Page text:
I. Jewish Values
Jewish tradition emphasizes that human dominion over nature does not provide a license to abuse the environment; rather we are called to "till and tend" God's Earth (Genesis 2:15), and reminded in the Midrash that if we fail to do so, there will be nobody after us to repair our damage (Ecclesiastes Rabbah 7:13). The Talmudic law of Bal Tashchit, do not destroy, derived from Deuteronomy 20:19 paired with our "till and tend" mandate, emphasizes the need to act as guardians of our environment, ensuring a safe world for ourselves and a clean and productive future for our children.
For more than forty years, the Reform Movement has advocated in defense of our environment and all those species -- from the smallest creatures to humankind itself -- that rely on our shared natural habitat and resources for survival. It is our sacred duty as Jews to acknowledge our God-given responsibility to take action to alleviate environmental degradation and its negative impacts.
II. Hydraulic Fracturing
In 2007, the U.S. Energy Information Administration (EIA) estimated that the U.S. possesses 1,533 trillion cubic feet of natural gas that could be recovered using current technology, enough to supply the nation's needs at the 2008 rate of consumption for over 65 years. Many have looked at natural gas as a cleaner source of energy because it produces 43 percent less carbon emissions than coal for each unit of energy delivered, and 30 percent less emissions than oil.
Currently, ninety percent of new natural gas wells utilize hydraulic fracturing or fracking , a means of natural gas extraction employed in deep natural gas well drilling. Once a well is drilled, millions of gallons of water, sand and chemicals are injected, under high pressure, into a well. The pressure fractures the shale and props open fissures that enable natural gas to flow more freely out of the well. On average, a well requires two million to four million gallons of water, as well as a variety of chemicals -- some of them toxic -- to reduce friction, prevent corrosion, and kill bacteria in the well.
The newest technique to reach previously unavailable areas is horizontal hydraulic fracturing in which, after a well has been used vertically, a new drill is sent horizontally out from the bottom with a mixture of chemicals and water. The water then becomes contaminated and must be cleaned and safely disposed. Contaminated water is held in above ground pools. Substandard construction and an abundance of rain have resulted in damage to the holding pools and flooding of local areas with contaminants. The water and chemical mix can seep into the local ecosystem and eventually into the local water sources.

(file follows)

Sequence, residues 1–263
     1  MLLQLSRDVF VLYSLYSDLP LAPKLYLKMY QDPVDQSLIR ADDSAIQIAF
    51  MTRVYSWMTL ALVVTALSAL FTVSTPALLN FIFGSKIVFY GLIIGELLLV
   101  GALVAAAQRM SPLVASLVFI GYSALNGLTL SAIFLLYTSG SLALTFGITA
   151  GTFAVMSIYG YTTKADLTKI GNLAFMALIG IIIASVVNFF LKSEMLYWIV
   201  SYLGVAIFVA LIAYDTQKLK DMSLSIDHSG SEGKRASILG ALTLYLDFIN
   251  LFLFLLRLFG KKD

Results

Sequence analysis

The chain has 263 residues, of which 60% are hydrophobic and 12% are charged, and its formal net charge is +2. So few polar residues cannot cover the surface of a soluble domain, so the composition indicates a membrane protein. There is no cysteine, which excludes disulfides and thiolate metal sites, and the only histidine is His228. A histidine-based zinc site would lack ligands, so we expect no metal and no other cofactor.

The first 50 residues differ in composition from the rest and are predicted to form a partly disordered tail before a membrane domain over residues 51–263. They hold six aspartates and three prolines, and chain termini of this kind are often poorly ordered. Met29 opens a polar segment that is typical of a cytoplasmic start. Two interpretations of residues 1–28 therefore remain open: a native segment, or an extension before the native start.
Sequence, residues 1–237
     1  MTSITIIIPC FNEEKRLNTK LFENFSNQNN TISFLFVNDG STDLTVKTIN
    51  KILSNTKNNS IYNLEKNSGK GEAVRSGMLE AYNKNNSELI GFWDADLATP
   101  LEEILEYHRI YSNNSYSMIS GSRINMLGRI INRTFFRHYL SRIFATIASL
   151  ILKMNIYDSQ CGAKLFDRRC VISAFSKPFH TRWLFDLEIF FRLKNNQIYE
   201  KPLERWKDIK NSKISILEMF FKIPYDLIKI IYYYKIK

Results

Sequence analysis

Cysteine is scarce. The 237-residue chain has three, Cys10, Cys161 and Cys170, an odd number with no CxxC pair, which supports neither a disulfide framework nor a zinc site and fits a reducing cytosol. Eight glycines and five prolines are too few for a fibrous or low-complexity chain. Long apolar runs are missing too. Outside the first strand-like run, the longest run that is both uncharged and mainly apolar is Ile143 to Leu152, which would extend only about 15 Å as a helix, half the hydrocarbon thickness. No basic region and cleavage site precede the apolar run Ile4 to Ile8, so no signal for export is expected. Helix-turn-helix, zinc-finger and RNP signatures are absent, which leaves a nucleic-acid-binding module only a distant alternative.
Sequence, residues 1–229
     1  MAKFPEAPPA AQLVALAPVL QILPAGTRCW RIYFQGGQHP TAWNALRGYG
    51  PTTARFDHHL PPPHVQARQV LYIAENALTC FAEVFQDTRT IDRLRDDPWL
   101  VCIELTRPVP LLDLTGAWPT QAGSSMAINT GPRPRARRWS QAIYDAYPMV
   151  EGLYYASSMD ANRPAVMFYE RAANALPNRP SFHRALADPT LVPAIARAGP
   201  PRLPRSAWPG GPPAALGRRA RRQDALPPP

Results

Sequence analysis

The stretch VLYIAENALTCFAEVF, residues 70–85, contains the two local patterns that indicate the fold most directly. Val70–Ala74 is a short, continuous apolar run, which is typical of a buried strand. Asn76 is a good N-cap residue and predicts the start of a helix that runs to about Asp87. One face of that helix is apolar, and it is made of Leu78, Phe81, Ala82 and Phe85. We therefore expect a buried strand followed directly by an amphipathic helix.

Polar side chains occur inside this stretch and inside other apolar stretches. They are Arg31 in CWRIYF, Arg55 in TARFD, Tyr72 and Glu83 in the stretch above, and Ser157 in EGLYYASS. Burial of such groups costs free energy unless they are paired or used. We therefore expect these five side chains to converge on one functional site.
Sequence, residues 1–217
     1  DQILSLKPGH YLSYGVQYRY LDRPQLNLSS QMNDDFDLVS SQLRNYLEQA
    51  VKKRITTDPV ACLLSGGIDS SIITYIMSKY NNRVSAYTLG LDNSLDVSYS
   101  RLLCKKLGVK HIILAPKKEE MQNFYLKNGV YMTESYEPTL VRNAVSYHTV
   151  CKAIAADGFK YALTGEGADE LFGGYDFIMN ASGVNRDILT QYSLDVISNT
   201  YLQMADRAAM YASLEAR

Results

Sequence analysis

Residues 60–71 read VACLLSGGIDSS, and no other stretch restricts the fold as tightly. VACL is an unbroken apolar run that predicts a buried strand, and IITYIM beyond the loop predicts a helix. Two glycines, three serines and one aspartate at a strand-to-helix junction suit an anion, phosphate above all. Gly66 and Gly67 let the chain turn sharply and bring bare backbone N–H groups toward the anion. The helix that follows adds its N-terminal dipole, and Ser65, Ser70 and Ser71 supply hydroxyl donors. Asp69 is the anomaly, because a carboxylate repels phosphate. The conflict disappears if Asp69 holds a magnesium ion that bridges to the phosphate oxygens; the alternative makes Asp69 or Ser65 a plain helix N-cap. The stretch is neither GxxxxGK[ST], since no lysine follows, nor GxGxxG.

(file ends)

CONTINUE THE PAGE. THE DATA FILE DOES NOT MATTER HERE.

New York State relies upon natural gas for 24% of its energy needs. Currently this gas comes from Canadian and Gulf Coast sources. The Marcellus and Utica shale formations, which underlay portions of New York, Pennsylvania and West Virginia, serve as a vast reservoir of natural gas.
Estimates vary on the precise size of the Marcellus Shale, which stretches from West Virginia across much of Pennsylvania and Eastern Ohio and into the Southern Tier of New York. By any estimate, the gas deposit is huge -- perhaps as much as 500 trillion cubic feet. (New York State uses a little over 1.1 trillion cubic feet of natural gas each year.)
Currently, natural gas companies are not required by law to disclose all the chemicals used during the fracturing process. Therefore, a company can gain approval to drill without indicating every chemical intended for use. The New York Department of Environmental Conservation (DEC) is the agency that reviews and approves drilling permits. At this point, however, the DEC does not have enough resources to conduct on site monitoring after the permits have been issued. The approval process for drilling thus lacks two important check points, in the first stage - checking all the chemicals that will be used -- and in the final stage - on site checks to ensure the drilling is executed safely, in accordance with regulations.
Concerns about the safety of hydraulic fracturing center upon the safety of our clean water supply, radioactive chemicals present in the Marcellus Shale, and the chemicals used in natural gas extraction. Radioactivity from Radium - 226 and Radon (Radium's radioactive decay) occurs naturally in the Marcellus Shale. If exposed to these chemicals, individuals can suffer long-term health consequences that include lymphoma, bone cancer, and leukemia as well as cancer in tissues and organs. Hydraulic fracturing threatens to release these chemicals into the environment along with the sought after natural gases.
Risk for human and environmental exposure to the cocktail of hydraulic fracturing chemicals is also of great concern. These chemicals, injected into the ground to break up and release the natural gas formations, would pose the greatest danger in the case of a spill. Both the chemicals and the radioactive elements threaten to contaminate our clean water supply, which would prove disastrous for the millions of New Yorkers downstate who depend on watersheds near the Marcellus Shale.
While the Oil and Gas industry claim that hydrofracking is safe and has no, or minimal, harmful effects, events in other states and recent reports, including a House Energy and Commerce Committee report continue to raise red flags about the safety of this process.
The U.S. Environmental Protection Agency (EPA) is conducting a national study on the drinking water risks associated with hydrofracking.
III. Legislative Summary